Why can we easily discuss issues in theories, measures, or experimental design, but shy away from pointing out inadequate statistical evidence when we see it? In my view, it is because “weak statistical evidence” is often associated, in people’s mind, with “questionable research practices.”

Regardless of the truth of this association, it is unhelpful: it turns any discussion of statistical evidence into a personal attack on the researcher. As a consequence, when Reviewer 2 writes “I don’t think that the paper presents adequate statistical evidence,” what the author might read is “Reviewer 2 is calling me an incompetent or a fraud.” If R2 is concerned about this misinterepretation, they might avoid making the comment. If R2 makes the comment anyway, it is instead the AE and/or the editor who might feel to push back against the “offensive” comment. And even if the comment makes it to the authors’ desk, it is less likely to be interpreted as a fair scientific concern, or to lead to a constructive discussion.

Why Not Discuss Evidential Value As We Discuss Alternative Explanations?

How do we get past this unhelpful association, and allow ourselves to discuss statistical evidence in conferences and reviews? I believe that we should discuss it in the same way that we discuss other “alternative explanations.”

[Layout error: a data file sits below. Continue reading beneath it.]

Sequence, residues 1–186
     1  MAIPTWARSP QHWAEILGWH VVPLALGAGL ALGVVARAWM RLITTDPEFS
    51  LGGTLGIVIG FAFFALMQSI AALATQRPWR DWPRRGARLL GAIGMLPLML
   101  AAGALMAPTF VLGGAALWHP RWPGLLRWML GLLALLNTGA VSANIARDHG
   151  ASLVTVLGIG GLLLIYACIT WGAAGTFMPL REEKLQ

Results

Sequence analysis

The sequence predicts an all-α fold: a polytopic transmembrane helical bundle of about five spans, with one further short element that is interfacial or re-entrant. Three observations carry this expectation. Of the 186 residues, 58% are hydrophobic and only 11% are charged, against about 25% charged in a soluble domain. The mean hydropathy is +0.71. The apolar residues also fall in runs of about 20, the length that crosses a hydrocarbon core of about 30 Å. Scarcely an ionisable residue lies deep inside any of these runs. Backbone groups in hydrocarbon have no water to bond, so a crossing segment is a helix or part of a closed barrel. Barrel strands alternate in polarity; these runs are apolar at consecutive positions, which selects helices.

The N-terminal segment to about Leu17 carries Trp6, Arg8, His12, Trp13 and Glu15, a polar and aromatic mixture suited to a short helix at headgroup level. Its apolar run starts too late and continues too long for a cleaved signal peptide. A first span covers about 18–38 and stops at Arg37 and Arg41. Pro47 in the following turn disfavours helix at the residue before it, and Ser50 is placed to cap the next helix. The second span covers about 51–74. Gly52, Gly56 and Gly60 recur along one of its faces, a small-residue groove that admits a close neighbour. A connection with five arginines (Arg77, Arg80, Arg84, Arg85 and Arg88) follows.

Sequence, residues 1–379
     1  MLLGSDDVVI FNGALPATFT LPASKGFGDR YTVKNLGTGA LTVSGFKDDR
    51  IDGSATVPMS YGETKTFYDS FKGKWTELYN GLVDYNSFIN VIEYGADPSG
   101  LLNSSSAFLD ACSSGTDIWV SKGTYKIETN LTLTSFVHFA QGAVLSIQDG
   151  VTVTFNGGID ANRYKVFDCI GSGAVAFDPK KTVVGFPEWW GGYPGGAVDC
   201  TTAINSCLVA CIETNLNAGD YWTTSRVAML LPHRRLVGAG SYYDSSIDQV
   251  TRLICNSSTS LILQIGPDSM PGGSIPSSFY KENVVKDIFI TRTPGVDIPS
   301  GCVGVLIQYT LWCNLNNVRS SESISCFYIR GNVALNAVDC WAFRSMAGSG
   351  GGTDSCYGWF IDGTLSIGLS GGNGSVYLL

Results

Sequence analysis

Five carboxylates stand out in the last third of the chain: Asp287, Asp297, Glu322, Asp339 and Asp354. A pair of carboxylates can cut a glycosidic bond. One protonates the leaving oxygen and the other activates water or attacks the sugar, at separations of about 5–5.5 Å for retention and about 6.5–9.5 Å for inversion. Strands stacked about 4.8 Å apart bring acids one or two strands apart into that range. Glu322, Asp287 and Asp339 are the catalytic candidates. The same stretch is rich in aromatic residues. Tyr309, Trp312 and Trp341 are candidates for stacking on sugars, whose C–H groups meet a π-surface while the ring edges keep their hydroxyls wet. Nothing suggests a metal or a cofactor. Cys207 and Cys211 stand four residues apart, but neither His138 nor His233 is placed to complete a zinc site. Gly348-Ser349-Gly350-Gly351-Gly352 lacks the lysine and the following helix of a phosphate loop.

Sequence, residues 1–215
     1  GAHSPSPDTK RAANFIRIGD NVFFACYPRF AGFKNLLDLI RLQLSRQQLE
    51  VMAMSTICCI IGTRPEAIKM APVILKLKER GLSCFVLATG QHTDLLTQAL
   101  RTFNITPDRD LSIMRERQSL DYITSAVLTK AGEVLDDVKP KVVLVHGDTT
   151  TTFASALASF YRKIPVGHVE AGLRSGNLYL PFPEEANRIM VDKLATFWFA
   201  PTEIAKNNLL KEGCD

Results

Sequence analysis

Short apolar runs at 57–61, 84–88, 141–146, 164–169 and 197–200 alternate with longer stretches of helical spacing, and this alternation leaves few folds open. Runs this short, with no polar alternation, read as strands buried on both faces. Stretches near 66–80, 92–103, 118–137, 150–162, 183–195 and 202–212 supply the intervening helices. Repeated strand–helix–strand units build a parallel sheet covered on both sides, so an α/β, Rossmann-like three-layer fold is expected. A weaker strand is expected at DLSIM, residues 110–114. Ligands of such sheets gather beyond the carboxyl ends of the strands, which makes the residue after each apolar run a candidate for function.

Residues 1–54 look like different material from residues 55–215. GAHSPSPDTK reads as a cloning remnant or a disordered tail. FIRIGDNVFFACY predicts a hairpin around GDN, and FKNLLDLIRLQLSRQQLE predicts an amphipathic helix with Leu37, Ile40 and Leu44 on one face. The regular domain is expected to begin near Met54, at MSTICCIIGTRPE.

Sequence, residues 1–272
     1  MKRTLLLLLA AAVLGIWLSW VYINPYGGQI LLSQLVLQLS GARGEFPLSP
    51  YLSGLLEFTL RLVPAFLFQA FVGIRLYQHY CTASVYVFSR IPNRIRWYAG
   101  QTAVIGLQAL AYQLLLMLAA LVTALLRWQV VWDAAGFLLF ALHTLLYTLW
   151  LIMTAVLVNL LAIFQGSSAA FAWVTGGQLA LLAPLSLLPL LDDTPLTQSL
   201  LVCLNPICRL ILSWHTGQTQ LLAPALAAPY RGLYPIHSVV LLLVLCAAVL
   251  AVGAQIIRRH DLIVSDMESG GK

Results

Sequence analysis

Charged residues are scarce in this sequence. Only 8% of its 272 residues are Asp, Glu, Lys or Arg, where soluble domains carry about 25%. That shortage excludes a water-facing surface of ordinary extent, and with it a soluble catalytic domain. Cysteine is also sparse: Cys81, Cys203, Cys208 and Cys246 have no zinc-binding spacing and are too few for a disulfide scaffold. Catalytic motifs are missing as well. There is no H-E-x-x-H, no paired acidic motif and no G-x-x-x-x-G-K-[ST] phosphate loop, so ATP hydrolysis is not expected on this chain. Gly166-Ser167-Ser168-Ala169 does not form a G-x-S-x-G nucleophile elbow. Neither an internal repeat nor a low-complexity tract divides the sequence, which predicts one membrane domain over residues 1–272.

When we point to “alternative explanations”, we highlight that the current features of the experiment do not provide sufficient control over other factors that might reasonably drive the results. For instance, if an experiment manipulates “product complexity,” a reviewer might be concerned that it also affects the “perceived cost of the product,” particularly if the instructions to the participants did not mention the cost of the product. This alternative explanation is reasonable, and the current features of the experiment provide insufficient control over it.

In my view, discussions of statistical evidence should follow the same principles: They should take place when the current features of the experiment do not provide sufficient control over false-positives, particularly when an accumulation of false-positives might reasonably drive the results.

Assessing whether an accumulation of false-positives might reasonably drive the results means asking the following questions:

  • How strong is the evidence against the null in any given study? p = .O5 is weaker evidence than p = .001, and therefore more consistent with a false-positive.